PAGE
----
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Sideband Stack Optimizer

Decoder schemes of the new K10 processors acquired a special block called Sideband Stack Optimizer. Its working principle is similar to that of the new Stack Pointer Tracker unit that is employed in Core processors. What do we need it for? x86 system uses CALL, RET, PUSH and POP instructions to call a function, retire a function, transfer parameters of a function and save register contents. All these instructions use, though not directly, the ESP register indicating the current stack-pointer value. When you call a function in K8 processor you can follow the execution of these instructions by representing their decoding as a succession of equivalent elementary operations modifying the stack register and load/save instructions.

Instructions

Equivalent operations

// func(x, y, z);
push X
push Y
push Z
call func


sub esp, 4; mov [esp], X
sub esp, 4; mov [esp], Y
sub esp, 4; mov [esp], Z
sub esp, 4; mov [esp], eip; jmp func

push esi
push edi
mov eax, [esp+16]
........
pop edi,
pop esi
ret

sub esp, 4; mov [esp], esi
sub esp, 4; mov [esp], edi
mov eax, [esp+16]
..............
mov edi, [esp]; add esp, 4
mov esi, [esp]; add esp, 4
jmp [esp]; add esp, 4

add esp, 12

add esp, 12

As you can see from this example, when the function is called, instructions sequentially modify the ESP register, so each next instruction is implicitly dependent on the result of the previous one. Instructions in this chain cannot be reordered that is why the execution of the function body starting with mov eax, [esp+16] cannot begin unless the last PUSH instruction has been executed. Sideband Stack Optimizer unit tracks the stack status changes and modifies the instructions chain into an independent one by adjusting the stack offset for each instruction and placing sync-MOP operations (top of the stack synchronization) in front of the instructions that work directly with the stack register. This way instructions working directly with the stack can be reordered without any limitations.

Instructions

Equivalent operations

// func(x, y, z);
push X
push Y
push Z
call func

mov [esp-4], X
mov [esp-8], Y
mov [esp-12], Z
mov [esp-16], eip; jmp func

push esi
push edi

mov eax, [esp+16]
........
pop edi,
pop esi
ret

mov [esp-20], esi
mov [esp-24], edi
sub esp, 24
mov eax, [esp+16]
..............
mov esi, [esp]
mov edi, [esp+4]
jmp [esp+8]



sync-MOP


add esp, 12

add esp, 12
add esp, 12

sync-MOP

mov eax, [esp+16] instruction that starts the calculations in the function body in our example depends only on the sync-MOP operation. Now these operations can be performed simultaneously with other instructions before them. This way the parameters passing and register saving happen faster and the function body can start loading these parameters and working with them even before all of them have been passed successfully and before the registers saving has been complete.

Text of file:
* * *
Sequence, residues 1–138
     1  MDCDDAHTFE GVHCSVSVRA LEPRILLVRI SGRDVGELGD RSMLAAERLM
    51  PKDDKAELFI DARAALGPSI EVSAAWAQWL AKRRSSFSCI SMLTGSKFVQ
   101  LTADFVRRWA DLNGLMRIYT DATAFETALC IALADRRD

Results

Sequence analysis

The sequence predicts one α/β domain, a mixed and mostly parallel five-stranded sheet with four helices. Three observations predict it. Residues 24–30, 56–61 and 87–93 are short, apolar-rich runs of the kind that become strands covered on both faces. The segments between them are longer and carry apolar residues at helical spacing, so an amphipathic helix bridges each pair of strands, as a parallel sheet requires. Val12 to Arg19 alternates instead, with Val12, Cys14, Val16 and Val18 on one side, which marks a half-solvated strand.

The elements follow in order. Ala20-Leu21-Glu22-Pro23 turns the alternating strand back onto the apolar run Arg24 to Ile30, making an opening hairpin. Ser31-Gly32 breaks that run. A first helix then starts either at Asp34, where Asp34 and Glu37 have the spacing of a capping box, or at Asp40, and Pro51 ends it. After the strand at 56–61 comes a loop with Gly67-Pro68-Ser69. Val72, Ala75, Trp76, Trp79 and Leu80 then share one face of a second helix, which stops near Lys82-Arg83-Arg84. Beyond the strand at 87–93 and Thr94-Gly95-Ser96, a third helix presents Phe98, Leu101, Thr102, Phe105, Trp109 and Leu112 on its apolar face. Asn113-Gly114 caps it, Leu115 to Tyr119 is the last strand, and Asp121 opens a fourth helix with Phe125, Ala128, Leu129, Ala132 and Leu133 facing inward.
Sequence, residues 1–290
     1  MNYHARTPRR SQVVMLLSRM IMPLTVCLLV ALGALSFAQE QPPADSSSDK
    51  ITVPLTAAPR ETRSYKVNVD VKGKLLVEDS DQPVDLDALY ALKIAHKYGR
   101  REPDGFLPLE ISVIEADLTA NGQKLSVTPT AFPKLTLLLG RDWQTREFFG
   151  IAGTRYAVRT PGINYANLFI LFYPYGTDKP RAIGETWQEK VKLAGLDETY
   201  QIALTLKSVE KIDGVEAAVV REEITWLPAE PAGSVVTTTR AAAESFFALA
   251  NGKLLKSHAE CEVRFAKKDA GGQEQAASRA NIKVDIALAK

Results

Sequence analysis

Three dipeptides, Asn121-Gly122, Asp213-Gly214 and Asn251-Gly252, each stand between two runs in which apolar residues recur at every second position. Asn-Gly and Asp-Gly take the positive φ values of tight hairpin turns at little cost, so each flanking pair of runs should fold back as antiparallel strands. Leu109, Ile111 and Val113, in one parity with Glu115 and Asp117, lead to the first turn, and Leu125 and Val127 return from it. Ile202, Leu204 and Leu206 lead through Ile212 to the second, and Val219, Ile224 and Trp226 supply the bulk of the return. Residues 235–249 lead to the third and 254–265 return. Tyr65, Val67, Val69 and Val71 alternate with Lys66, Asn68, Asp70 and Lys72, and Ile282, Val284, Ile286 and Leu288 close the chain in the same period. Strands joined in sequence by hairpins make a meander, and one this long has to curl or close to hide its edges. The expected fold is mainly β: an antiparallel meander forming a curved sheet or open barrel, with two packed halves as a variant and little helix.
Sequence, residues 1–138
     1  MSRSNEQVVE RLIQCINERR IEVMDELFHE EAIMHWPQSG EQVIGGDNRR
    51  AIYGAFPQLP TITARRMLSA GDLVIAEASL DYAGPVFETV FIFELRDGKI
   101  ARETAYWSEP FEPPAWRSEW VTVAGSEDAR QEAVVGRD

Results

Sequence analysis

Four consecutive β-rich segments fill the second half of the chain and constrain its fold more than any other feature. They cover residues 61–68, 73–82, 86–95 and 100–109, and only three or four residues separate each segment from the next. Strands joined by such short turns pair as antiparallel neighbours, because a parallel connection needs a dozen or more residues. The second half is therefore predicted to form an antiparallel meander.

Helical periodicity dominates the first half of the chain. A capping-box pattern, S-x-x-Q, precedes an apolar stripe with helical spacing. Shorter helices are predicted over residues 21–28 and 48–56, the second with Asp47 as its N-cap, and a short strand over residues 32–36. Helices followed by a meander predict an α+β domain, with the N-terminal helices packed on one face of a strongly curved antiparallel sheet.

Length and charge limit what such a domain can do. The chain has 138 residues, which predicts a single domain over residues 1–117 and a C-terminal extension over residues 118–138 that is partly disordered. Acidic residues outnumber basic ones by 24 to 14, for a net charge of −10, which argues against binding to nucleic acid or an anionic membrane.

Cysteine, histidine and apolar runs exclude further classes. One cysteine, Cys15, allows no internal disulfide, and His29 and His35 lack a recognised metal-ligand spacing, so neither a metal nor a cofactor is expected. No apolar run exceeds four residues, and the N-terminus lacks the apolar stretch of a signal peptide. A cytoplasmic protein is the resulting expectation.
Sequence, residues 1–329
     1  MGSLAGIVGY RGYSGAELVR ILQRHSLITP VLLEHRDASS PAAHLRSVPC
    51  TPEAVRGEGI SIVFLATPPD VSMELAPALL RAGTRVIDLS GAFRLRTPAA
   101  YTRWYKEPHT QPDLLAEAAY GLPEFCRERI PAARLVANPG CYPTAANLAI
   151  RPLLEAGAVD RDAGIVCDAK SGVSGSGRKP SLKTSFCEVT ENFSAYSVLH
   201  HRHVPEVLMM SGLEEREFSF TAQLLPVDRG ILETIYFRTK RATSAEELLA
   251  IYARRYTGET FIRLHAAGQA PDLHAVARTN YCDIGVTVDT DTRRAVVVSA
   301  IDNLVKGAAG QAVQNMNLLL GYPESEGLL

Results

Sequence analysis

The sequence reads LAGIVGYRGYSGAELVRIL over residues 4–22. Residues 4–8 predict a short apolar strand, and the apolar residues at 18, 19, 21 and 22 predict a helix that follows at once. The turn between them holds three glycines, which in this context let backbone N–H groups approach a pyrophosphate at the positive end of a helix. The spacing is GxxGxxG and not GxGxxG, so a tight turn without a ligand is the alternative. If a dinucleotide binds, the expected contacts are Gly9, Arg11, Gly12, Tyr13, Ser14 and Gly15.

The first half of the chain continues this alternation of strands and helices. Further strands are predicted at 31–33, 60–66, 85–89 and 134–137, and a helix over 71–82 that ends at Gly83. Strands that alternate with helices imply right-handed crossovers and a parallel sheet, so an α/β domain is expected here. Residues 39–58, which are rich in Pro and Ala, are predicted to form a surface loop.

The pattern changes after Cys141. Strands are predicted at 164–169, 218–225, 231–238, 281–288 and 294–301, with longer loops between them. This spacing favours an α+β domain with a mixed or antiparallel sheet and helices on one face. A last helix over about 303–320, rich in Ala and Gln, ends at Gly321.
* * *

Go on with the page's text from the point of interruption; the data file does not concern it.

So, faster stack operations decoding, Sideband Stack Optimizer unit, deeper return-address stack and successful prediction of indirect alternating branches make K10 much more efficient for processing of function-rich codes.

K10 processor decoder will not be able to decode 4 instructions per clock like Core 2 decoder in favorable conditions, but it will not become a bottleneck during programs execution. The average instructions processing speed hardly ever reaches 3 instructions per clock, therefore K10 decoder will be efficient enough for the computational units not to lack any instructions in the queues and hence not to idle.

Instruction Control Unit

Decoded Mop triplets arrive to the Instruction Control Unit (ICU) that moves them to the reorder buffer (ROB). Reorder buffer consists of 24 lines three MOPs in each. Each MOP triplet is written in its own line. As a result, ROB allows the control unit to monitor the status of up to 72 MOPs until they retire.

From the reorder buffer MOPs are being dispatched to the scheduler queues of integer and floating-point units in exact same order, in which they retired from decoder. MOP triplets are stored in the ROB until all older operations are executed and retired. On retirement, the final values are written down into architectural registers and memory. The program order, in which the operations were placed to the ROB, is maintained when operations retire, their data is deleted from ROB and the final values are saved. It is necessary to make sure that the results of all further operations completed ahead of time can be canceled in case of exception or interrupt.

 
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